Welcome to Match Notes, a weekly column by staff writer Bonnie Qu that looks back on each week of the Overwatch League.
This week’s entry is about the games that took place from May 6 – 9. For official match results, check out the Overwatch League website. For everything else, look here.
THIS WEEK’S PATCH NOTES
The good folks over at the Overwatch League are constantly figuring out ways to make things as balanced as possible. This means tweaking the relative strength of various teams and players from week to week, with varying results. This year, they’ve generously agreed to send us some of their official patch notes every week, so that we know exactly what changes have been made.
- Bug fix: Team no longer inspires abject misery
Developer’s comment: Over the years, we’ve received countless complaints from Fuel fans about the team’s seemingly innate ability to create misery. We’ve always brushed these claims off as unsubstantiated, but recently we discovered a hidden flaw in the code that seems to corroborate this popular fan theory. It has now been fixed. Our bad!
- Ability to win assault maps reduced to 50%
Developer’s comment: The Dragons are a fairly momentum-based team. This season, every time they’ve won the first map, they have gone on to win the series. We felt that this was a little too formulaic, so we’ve reduced their ability to win the assault map in each series. This invariably forces their momentum to grind to a halt and creates a mental reset for both sides.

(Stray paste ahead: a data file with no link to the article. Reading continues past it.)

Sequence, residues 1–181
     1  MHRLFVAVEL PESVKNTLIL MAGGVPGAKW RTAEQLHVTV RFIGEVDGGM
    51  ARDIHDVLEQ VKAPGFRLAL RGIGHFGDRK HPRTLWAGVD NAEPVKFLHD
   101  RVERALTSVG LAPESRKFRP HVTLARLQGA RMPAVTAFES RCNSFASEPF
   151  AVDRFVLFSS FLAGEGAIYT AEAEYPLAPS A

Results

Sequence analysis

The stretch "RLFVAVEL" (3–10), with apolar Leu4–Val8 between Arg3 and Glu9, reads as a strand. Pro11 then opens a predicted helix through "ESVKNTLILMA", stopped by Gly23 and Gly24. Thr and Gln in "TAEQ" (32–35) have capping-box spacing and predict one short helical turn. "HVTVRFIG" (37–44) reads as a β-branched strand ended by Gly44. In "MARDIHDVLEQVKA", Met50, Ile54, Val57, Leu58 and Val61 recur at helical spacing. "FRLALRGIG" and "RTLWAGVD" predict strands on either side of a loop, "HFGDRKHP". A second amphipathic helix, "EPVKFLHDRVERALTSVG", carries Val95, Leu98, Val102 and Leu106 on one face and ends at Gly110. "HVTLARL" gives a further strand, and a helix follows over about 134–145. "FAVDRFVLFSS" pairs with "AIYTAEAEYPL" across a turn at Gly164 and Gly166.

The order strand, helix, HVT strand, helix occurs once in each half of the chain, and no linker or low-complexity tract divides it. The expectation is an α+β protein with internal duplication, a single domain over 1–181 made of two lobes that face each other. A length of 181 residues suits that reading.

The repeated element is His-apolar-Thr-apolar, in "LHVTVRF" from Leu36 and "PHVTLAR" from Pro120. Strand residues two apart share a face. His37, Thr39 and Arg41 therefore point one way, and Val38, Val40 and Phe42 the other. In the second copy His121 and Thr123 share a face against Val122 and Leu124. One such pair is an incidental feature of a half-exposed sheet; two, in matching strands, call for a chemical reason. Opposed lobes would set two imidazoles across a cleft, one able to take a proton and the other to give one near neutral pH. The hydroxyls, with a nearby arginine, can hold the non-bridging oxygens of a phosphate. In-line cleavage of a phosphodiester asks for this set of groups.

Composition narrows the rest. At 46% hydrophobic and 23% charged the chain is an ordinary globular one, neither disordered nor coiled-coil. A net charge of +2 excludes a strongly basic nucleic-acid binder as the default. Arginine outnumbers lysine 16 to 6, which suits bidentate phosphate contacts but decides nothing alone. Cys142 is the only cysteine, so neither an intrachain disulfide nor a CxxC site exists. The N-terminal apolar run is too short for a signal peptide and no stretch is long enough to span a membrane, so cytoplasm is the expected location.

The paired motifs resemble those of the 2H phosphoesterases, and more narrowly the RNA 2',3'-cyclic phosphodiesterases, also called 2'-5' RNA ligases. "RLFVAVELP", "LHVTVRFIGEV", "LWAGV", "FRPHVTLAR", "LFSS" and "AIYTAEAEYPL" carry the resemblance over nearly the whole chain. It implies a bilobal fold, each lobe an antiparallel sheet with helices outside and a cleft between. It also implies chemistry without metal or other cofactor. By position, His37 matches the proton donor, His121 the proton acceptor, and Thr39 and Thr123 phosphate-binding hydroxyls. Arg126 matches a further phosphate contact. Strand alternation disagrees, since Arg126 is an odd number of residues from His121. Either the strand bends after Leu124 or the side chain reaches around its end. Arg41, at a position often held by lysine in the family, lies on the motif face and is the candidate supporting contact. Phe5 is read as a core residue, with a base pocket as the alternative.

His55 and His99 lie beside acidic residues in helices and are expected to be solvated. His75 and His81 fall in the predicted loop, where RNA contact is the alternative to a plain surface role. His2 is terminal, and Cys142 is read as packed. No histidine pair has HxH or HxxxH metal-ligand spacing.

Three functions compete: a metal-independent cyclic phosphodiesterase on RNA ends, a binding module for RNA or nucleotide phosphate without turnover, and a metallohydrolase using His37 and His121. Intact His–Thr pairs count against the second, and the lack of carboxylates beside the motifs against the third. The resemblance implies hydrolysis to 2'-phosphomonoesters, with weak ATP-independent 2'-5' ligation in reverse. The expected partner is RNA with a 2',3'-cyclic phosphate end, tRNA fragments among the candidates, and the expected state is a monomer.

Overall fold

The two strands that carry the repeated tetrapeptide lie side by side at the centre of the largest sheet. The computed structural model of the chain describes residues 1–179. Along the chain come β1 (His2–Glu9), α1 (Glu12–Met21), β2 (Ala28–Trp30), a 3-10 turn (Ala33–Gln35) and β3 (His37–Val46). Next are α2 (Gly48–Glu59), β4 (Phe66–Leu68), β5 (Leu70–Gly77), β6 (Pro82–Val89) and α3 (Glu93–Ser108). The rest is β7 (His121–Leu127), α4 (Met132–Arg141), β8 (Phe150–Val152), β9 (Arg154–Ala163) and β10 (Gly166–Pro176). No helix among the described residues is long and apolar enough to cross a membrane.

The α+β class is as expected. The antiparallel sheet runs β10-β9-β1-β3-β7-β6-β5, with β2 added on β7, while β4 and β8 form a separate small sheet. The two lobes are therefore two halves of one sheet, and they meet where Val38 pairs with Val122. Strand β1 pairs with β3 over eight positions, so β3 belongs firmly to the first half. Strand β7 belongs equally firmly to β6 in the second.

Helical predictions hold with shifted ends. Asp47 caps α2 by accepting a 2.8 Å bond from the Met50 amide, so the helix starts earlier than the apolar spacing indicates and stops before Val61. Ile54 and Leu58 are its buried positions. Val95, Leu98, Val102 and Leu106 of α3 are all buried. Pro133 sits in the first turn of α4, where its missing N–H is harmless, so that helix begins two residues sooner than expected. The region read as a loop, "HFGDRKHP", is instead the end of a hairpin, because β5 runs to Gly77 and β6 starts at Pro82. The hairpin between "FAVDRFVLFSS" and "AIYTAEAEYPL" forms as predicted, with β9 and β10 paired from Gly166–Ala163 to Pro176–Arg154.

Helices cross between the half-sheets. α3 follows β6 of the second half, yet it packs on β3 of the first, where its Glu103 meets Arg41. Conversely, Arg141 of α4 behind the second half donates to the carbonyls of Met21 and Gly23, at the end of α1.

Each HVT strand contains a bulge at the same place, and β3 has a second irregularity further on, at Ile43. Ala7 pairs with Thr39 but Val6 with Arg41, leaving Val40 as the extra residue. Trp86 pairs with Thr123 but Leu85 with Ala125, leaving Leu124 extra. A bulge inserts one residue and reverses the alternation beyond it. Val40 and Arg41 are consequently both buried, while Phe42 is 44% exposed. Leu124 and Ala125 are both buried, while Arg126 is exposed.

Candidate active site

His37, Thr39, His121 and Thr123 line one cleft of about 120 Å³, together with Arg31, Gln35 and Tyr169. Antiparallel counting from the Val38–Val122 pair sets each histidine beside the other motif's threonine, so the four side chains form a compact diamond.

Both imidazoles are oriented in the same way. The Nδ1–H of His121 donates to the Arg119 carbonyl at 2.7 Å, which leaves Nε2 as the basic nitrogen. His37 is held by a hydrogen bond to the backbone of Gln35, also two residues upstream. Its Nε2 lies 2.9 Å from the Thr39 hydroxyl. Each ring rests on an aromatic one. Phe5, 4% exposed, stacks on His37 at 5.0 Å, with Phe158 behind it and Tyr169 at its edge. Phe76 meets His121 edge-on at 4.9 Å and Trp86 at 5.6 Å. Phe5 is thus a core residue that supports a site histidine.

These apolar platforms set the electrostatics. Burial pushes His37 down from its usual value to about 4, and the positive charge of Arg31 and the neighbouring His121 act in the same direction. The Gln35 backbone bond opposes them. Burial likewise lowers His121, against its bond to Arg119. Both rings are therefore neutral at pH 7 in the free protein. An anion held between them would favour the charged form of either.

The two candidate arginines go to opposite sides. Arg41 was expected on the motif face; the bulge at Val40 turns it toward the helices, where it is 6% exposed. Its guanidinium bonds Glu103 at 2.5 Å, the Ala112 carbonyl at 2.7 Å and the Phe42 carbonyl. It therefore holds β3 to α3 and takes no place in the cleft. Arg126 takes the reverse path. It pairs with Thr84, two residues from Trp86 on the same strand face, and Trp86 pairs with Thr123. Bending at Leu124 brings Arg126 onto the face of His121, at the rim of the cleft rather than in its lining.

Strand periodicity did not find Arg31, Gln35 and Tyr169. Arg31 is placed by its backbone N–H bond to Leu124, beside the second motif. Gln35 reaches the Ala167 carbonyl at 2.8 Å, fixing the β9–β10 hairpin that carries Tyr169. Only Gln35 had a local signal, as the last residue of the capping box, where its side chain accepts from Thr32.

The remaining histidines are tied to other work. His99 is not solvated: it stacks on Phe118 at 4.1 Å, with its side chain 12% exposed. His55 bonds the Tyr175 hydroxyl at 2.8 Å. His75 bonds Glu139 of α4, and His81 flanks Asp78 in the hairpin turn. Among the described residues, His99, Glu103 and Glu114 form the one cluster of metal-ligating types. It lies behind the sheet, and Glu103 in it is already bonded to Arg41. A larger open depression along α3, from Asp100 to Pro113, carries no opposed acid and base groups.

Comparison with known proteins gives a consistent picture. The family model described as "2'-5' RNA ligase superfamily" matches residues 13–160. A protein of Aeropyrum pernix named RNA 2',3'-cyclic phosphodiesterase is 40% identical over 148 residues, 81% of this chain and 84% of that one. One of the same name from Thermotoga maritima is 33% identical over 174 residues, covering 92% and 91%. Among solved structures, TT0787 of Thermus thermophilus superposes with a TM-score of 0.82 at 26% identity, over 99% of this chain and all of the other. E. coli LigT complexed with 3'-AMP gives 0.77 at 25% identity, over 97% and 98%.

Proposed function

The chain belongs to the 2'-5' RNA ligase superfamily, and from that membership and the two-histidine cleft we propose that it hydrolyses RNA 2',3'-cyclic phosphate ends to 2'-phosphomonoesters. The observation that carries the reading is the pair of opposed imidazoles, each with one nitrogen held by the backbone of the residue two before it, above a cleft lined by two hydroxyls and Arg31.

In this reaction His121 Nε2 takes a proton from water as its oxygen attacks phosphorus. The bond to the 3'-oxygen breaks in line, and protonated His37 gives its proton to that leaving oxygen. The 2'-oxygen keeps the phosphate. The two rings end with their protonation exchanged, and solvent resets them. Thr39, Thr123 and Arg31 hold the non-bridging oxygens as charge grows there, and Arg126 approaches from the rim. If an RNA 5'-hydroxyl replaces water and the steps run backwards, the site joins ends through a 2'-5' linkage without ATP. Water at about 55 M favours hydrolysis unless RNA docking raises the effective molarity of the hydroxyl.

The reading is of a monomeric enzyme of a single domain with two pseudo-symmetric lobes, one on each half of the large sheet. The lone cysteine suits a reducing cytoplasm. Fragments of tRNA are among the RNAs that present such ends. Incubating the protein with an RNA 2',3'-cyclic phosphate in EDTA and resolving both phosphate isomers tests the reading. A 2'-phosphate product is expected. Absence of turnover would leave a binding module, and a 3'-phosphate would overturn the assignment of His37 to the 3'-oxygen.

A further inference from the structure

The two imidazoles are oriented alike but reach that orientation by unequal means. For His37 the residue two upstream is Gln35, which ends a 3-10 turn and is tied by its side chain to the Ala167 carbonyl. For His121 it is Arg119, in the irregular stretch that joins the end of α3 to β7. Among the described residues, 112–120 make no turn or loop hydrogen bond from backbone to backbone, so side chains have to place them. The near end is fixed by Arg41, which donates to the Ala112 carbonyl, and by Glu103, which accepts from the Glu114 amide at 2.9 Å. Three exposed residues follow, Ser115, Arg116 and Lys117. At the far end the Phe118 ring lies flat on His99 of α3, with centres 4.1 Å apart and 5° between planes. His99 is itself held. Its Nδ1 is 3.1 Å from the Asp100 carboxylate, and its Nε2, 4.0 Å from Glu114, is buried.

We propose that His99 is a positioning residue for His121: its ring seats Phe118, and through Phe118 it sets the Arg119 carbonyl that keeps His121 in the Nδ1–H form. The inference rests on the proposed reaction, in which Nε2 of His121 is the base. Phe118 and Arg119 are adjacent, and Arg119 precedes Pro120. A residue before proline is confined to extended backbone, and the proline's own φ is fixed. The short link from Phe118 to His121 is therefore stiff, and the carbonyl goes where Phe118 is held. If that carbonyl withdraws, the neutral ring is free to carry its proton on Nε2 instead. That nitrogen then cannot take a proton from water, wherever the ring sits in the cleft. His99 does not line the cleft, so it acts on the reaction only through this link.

- New passive: “Having a good time”
Developer’s comment: We’re not too sure how to approach the Mayhem’s power level at the moment. Any nerfs seem to make them a little too weak, and any buffs seem to send them to stratospheric heights previously unknown to man. Therefore, we’ve settled on giving them a new passive that ensures that, no matter what happens, they’re having a good time.
Winners and losers are a natural part of competition — though not always in the way one would think. In this section, we go over who experienced the triumphs, defeats and epic highs and lows of professional Overwatch this week.
VICTORY: THE TEAM THAT WON
The short version: The Dallas Fuel won the May Melee.
The long version: Once upon a time, in the faraway land of 2017, there was an Overwatch team called Element Mystic. At first, nobody had heard of them. Then, they defeated the South Korean Overwatch World Cup team in a showmatch and, suddenly, everyone had heard of them. They qualified for OGN APEX Season 5; the one thing they’d been working toward since the team was founded.
APEX Season 5 never happened. In February of 2018, main tank Lee “Fearless” Eui-seok left the team to join the winless Shanghai Dragons. A few months later, damage prodigy Kim “Sp9rk1e” Yeong-han was suspended for account selling. After that, every remaining original player left one by one to join different Overwatch League teams. Element Mystic rebuilt and came back stronger. But there would always be that “what if” hanging over the original roster.
Fast forward to 2020. Enter the Dallas Fuel, a franchise so acquainted with disappointment that their fans have been chronicling their all too predictable cycle of misery for years. On Oct. 23, the Fuel announced the signing of head coach Yun “RUSH” Hee-won, the coach who had helmed Element Mystic since its inception. Then came Sp9rk1e and flex tank Choi “Hanbin” Han-been — and fans thought, “surely not.”